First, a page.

In April an attack hit an Israeli water facility attempting to modify water chlorine levels, last week officials from the Water Authority revealed two more cyber attacks on other facilities in the country.
Two cyber-attacks took place in June and according to the officials, they did not cause any damage to the targeted infrastructure.
One of the attacks hit agricultural water pumps in upper Galilee, while the other one hit water pumps in the central province of Mateh Yehuda.
“The Water Authority confirmed the cases and stated that this was an incident that did not cause any damage.” reported the website YNET.com.
“These are two spot and small sewage facilities in the agricultural sector that were repaired immediately and independently by the local person in charge of the kibbutz and the facility, without damage to service or actual impact,” the Water Authority said.
According to local media, the targets of the attacks were small drainage installations in the agriculture sector.
In April, the Israeli authorities are alerting organizations in the water industry following a series of cyberattacks that hit water facilities in the country.
Israel’s National Cyber Directorate announced to have received reports of cyber attacks aimed at supervisory control and data acquisition (SCADA) systems at wastewater treatment plants, pumping stations and sewage facilities.
Organizations are recommended to implement supplementary security measures to protect SCADA systems used in the water and energy sectors. The government urges to immediately change the passwords of control systems exposed online, ensure that their software is up to date, and reduce their exposure online.
The good news is that according to the report from Israel’s Water Authority, the attacks did not impact operations at the facilities.
Israeli officials did not attribute the April attack to a specific threat actor, but the Washington Post linked them to Iran-linked APT groups.
According to cyber security analysts, we are in the middle of a cyber cyber-war between Israel and Iran.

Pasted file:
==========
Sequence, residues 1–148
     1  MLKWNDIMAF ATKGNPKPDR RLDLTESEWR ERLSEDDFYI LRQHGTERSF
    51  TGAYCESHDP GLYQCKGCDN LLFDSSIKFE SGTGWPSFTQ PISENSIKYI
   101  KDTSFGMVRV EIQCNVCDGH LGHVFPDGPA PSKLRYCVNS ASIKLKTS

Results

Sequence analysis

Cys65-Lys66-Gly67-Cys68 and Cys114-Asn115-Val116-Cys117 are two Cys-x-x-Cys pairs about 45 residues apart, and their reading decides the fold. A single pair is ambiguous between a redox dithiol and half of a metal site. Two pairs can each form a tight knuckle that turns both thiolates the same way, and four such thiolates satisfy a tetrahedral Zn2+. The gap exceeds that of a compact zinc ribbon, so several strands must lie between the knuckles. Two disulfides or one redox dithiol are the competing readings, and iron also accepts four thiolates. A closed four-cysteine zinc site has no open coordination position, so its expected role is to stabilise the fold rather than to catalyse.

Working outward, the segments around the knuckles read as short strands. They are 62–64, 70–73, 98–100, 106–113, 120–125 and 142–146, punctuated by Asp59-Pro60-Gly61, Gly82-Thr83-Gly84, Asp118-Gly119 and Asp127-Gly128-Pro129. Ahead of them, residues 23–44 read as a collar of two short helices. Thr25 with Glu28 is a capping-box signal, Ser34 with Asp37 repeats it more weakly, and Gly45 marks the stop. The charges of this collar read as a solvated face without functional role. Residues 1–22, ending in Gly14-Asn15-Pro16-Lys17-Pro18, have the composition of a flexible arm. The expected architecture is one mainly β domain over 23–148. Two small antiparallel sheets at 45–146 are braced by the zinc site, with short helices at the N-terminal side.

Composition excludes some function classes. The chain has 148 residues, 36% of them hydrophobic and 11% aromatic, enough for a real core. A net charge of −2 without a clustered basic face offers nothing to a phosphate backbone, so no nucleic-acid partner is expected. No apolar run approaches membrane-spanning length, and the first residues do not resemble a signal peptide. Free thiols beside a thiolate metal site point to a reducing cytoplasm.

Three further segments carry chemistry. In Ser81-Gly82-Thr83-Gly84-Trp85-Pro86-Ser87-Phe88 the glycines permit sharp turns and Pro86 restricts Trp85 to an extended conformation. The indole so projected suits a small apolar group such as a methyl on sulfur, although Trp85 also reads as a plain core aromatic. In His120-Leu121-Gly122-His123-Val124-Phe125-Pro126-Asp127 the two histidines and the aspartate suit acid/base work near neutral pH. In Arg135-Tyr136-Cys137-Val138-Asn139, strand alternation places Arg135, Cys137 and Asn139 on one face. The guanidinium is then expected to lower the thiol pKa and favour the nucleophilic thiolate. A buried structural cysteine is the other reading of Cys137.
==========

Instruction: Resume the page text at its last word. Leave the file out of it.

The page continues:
Israel is suspected to be behind the recent cyberattack which disrupted some operations at Iran’s Shahid Rajaei Port, located near the Strait of Hormuz.
In May, Israel’s national cyber chief Yigal Unna officially confirmed that the country in April had thwarted a major cyber attack against its water systems. The media, citing officials that spoke under condition of anonymity, attributed the “synchronized and organized attack” to the Government of Teheran.
Yigal Unna did not explicitly attribute the attack to Iran, he only warned of unpredictable developments of an ongoing stealth Information warfare.
Unna pointed out that the attempt to hack into Israel’s water systems marked the first time in modern history that “we can see something like this aiming to cause damage to real life and not to IT or data.”
“It is a part of some attack over Israel and over the national security of Israel and not for financial benefit,” Unna added. “The attack happened but the damage was prevented and that is our goal and our mission. And now we are in the middle of preparing for the next phase to come because it will come eventually.”
Unna said the cyber attack marked a historic turning point in cyber warfare.
“Cyber winter is coming and coming even faster than I suspected,” he said. “We are just seeing the beginning.”
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(SecurityAffairs – hacking, water facilities)